Are you soldering the chips directly or are you soldering breakout boards together. Those are very different problems.
If you are soldering breakout boards together, I’m not really sure of what advice to give you.
If you are dealing with the chips directly and the HM-10S/HM-10C as a castellated module, I think ExpressPCB will assemble boards for you for about $500 (presumably base–parts will probably need to be added).
I would use a 4-layer board (signal-GND-VDD-signal) unless you have an amazing reason not to–2-layer boards make your life miserable with routing, power distribution, and heat dissipation. The cost differential just isn’t worth it unless you are shipping 100,000 boards.
You might have a bit of an issue in that I can’t really seem to find a reliable/trustworthy supplier for the HM-10S/HM-10C castellated modules (Seeed has the HM-11s so they might work). That means you will have to buy the parts and ship them to the assembly house–that’s probably an extra charge.
In terms of designing boards, use KiCad. It’s more than adequate for what you are doing. It’s open source and sponsored by CERN who figured out they were paying so much to PCB board software houses that they could fund it themselves. It works on Windows, Linux, and OS X (maybe not the latest M1 Macs though). I use it for all my BeagleBone capes. There are lots of tutorials and videos all over the place about using it. I use more professional PCB software for work and let me tell you that KiCad is perfectly fine to do PCB work in.
I would suggest, however, that you switch to all SMT components if you’re going to use an assembly house. Through hole requires hand soldering operations (read: expensive) while SMT allows the assembly house to stencil the solder paste and then pick and place the parts in a fully automated fashion (they probably use humans for this on orders of 10 or less, but the expense of through hole still remains).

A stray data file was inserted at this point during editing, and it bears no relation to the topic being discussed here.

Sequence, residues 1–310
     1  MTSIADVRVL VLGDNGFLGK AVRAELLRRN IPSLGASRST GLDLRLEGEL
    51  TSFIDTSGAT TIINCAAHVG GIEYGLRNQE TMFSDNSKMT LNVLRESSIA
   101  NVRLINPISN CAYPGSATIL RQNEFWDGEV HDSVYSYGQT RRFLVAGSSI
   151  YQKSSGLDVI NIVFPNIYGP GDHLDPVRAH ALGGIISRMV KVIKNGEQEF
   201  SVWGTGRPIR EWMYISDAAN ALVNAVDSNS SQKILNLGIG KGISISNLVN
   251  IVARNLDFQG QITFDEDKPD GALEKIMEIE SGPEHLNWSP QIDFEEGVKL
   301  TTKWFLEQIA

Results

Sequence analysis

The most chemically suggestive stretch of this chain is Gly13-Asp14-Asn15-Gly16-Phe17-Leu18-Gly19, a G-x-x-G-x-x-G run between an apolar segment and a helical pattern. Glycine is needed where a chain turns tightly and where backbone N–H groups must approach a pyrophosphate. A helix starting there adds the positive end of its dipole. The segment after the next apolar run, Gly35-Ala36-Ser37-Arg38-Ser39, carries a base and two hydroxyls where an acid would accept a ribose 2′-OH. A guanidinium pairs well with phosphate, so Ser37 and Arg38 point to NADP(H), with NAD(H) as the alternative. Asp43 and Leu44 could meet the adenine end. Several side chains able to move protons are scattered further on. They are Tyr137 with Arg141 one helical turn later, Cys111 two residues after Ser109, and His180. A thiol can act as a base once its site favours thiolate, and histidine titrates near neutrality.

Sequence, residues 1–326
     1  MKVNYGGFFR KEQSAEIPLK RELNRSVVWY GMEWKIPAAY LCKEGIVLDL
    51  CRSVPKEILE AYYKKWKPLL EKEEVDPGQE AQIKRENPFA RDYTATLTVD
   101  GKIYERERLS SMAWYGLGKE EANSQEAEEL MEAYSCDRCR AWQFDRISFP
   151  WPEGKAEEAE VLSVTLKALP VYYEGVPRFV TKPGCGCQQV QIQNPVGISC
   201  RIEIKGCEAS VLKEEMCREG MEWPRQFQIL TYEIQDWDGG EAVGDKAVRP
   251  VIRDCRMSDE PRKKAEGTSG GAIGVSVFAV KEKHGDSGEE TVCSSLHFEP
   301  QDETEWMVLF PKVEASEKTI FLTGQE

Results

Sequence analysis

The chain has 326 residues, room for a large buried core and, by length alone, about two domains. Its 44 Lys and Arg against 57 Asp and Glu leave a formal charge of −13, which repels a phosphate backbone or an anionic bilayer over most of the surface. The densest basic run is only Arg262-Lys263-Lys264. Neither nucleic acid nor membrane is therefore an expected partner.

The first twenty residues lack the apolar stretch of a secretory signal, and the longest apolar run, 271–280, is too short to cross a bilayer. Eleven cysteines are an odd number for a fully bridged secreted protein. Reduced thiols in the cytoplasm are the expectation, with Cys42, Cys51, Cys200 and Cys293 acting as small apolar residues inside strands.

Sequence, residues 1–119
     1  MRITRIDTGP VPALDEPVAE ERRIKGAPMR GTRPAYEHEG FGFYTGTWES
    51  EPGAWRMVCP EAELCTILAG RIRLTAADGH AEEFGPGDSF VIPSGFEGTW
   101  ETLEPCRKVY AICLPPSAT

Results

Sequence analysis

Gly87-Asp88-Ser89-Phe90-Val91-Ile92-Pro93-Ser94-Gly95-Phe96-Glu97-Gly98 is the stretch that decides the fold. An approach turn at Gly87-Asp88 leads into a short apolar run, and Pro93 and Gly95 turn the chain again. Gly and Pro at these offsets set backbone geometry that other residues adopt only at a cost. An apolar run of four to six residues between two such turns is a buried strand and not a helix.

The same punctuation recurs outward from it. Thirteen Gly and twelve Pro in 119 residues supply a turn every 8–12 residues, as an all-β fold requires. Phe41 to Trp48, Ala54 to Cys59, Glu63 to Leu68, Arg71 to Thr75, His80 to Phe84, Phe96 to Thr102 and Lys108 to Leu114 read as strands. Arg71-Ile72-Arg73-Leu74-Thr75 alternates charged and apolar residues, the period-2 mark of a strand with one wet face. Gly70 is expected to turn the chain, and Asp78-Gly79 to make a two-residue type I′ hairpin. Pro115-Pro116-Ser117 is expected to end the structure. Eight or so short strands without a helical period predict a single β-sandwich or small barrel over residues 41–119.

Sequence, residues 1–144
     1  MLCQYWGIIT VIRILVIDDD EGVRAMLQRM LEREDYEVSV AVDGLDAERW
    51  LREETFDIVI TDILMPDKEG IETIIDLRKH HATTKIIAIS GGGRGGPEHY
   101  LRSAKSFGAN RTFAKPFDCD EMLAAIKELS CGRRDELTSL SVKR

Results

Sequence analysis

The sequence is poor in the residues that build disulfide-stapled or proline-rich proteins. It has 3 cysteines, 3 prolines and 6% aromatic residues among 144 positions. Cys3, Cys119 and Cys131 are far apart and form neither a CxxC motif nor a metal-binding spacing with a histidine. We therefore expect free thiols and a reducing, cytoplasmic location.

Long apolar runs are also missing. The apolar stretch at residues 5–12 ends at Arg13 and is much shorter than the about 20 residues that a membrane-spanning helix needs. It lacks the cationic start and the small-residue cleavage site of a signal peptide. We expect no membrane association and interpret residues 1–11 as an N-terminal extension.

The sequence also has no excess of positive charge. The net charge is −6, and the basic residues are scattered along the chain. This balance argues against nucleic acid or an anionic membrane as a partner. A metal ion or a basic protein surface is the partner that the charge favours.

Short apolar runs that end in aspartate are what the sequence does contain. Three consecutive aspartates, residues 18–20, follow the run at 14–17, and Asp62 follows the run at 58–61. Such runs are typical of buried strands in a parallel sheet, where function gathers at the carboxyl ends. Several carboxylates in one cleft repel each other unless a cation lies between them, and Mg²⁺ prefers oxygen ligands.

In terms of hand soldering, I oddly find that SMT SOIC packages and 1206/1210 SMT components are much easier to solder by hand than through hole packages and 1206/1210 components are large enough that I can solder them without a microscope even with my aging eyes. I will suggest that you need two soldering irons though. Soldering SMT passives like inductors/capacitors/resistors is dramatically easier if you can hit both terminals with heat simultaneously.
One thing to be cognizant of is that an assembly house will default to Pb-free solder. This requires quite a bit more heat to melt if you have to do hand rework. I find that I generally have to add leaded solder to the solder joints in order to bring down the melt temperature for hot air guns to work.
If you go all SMT, you have an extra option that you didn’t have before–you can stencil and reflow the boards yourself.
You need some solder paste. And you also need to buy an SMT stencil printer (as low as $60 on AliExpress–but I strongly recommend the $300-$500 range ones–the difference is in the number and accuracy of the vernier adjustments). And you need to buy some sort of “reflow oven”–that can be a cheap toaster oven depending upon what you need (note the one in the ATXHS electronics area) or you can get one of those from AliExpress (I think you can get those as low as $200) and there are lots of videos about how to use them for hobbyist work.
At that point, you can print the paste on the board with the stencil, place the components by hand, and run the board through your “reflow oven” to solder it. For SOIC and 1206/1210 components I find that setup works really well and I almost never get shorts. The stencil cuts back the amount amount of solder so you don’t oversolder the joints, and the surface tension of the solder gives you quite nice joints on the SOIC and prevents short circuits.
If you have a problem, generally it’s that a joint didn’t fully solder rather than shorted out. And that’s easy to spot under a microscope or magnifying glass as you’ll see little solder balls still intact. You need to hit that joint with your soldering iron or hot air gun and finish it off.
Hope this helps.